Dr. Nicolas Brunet
Development of a novel oculomotor approach for rapid concussion detection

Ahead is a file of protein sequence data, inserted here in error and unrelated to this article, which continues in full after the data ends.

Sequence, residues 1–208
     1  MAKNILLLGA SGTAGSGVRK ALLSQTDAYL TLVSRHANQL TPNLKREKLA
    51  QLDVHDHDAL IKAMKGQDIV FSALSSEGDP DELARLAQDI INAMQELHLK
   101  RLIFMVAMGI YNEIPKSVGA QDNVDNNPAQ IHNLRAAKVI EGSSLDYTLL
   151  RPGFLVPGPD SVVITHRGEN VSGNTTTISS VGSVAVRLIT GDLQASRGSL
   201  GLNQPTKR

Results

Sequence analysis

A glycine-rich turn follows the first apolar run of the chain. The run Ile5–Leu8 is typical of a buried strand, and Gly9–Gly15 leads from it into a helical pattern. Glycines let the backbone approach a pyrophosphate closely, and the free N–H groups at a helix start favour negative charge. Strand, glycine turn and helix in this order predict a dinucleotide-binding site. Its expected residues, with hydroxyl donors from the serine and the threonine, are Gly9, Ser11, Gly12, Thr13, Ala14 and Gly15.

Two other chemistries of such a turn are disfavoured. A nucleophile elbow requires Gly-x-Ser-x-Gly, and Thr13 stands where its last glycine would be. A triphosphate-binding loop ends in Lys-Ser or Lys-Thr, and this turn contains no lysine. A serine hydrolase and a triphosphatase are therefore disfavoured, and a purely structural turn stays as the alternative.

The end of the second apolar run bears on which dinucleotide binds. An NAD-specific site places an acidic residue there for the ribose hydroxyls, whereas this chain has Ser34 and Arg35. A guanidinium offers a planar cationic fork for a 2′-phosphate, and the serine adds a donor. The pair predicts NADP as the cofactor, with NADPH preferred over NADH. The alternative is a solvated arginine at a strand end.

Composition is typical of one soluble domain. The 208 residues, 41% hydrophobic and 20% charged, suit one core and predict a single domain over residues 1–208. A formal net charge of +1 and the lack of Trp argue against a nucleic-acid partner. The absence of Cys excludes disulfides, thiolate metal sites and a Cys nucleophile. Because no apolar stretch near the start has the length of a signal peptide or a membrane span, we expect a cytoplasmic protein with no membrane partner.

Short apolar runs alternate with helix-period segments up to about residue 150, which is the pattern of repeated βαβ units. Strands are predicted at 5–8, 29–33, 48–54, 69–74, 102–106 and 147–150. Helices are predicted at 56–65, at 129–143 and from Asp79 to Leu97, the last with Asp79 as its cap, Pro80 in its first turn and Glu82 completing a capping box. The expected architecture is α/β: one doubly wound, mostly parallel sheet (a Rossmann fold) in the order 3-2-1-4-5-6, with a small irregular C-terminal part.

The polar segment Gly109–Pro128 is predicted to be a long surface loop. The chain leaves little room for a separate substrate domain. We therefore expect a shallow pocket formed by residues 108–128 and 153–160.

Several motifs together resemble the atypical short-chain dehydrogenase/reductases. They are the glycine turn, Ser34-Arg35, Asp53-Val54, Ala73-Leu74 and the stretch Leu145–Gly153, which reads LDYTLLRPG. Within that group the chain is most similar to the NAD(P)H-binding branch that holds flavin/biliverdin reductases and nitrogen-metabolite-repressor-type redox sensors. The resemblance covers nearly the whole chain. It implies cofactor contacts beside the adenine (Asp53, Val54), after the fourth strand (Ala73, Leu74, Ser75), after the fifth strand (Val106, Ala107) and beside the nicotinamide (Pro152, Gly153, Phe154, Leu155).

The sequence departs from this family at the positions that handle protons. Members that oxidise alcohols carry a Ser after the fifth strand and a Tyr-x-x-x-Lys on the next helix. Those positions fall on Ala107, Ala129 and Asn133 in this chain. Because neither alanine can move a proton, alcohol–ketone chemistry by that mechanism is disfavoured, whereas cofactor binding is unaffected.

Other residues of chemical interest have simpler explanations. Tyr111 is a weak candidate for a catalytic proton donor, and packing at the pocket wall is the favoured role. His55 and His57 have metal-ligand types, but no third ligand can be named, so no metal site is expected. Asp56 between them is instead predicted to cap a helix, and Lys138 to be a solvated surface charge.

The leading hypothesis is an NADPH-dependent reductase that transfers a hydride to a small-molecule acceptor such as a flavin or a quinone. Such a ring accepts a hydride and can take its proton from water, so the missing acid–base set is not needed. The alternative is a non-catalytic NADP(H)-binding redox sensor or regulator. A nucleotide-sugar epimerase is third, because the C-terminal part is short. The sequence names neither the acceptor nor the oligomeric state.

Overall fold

Concussion or mild Traumatic Brain Injury (mTBI) is typically caused by a head injury and affects millions of Americans each year. Symptoms such as headaches, memory and attention problems can last weeks, and can occasionally be permanent. In addition, recovery imposes a high economic and societal burden. The non-specific nature of the clinical phenomena associated with mTBI and the heterogeneity of the injury complicates the search for a method to identify mTBI. Underreporting of mTBI, and the lack of objective tests, further underscore the need for biomarkers that can provide a reliable diagnosis. Eye trackers have been used to show that brain injury might affect oculomotor behavior, suggesting that eye movements might reveal mTBI. Results showing the potential to use the movements made by the eye as a biomarker to predict brain injury have yielded promising results, albeit not sufficiently strong to proof its clinical utility. The objective of this application is to advance the technique of using eye trackers as an assessment tool for concussion diagnosis by introducing the following innovations: first, by characterizing not only the regular saccades, but also the tiny and elusive eye movements, known as micro saccade, that are made when the eye is at rest; second, by making use of a multifaceted oculomotor task that is optimized to deal with the nonspecific nature of brain injury.; third, by designing a novel metrics that takes into account the complexity and heterogeneity of the possible changes in oculomotor behavior caused by injury. We hypothesize that the proposed innovations will significantly improve the resolution of using eye tracking as a diagnostic tool in detecting mTBI.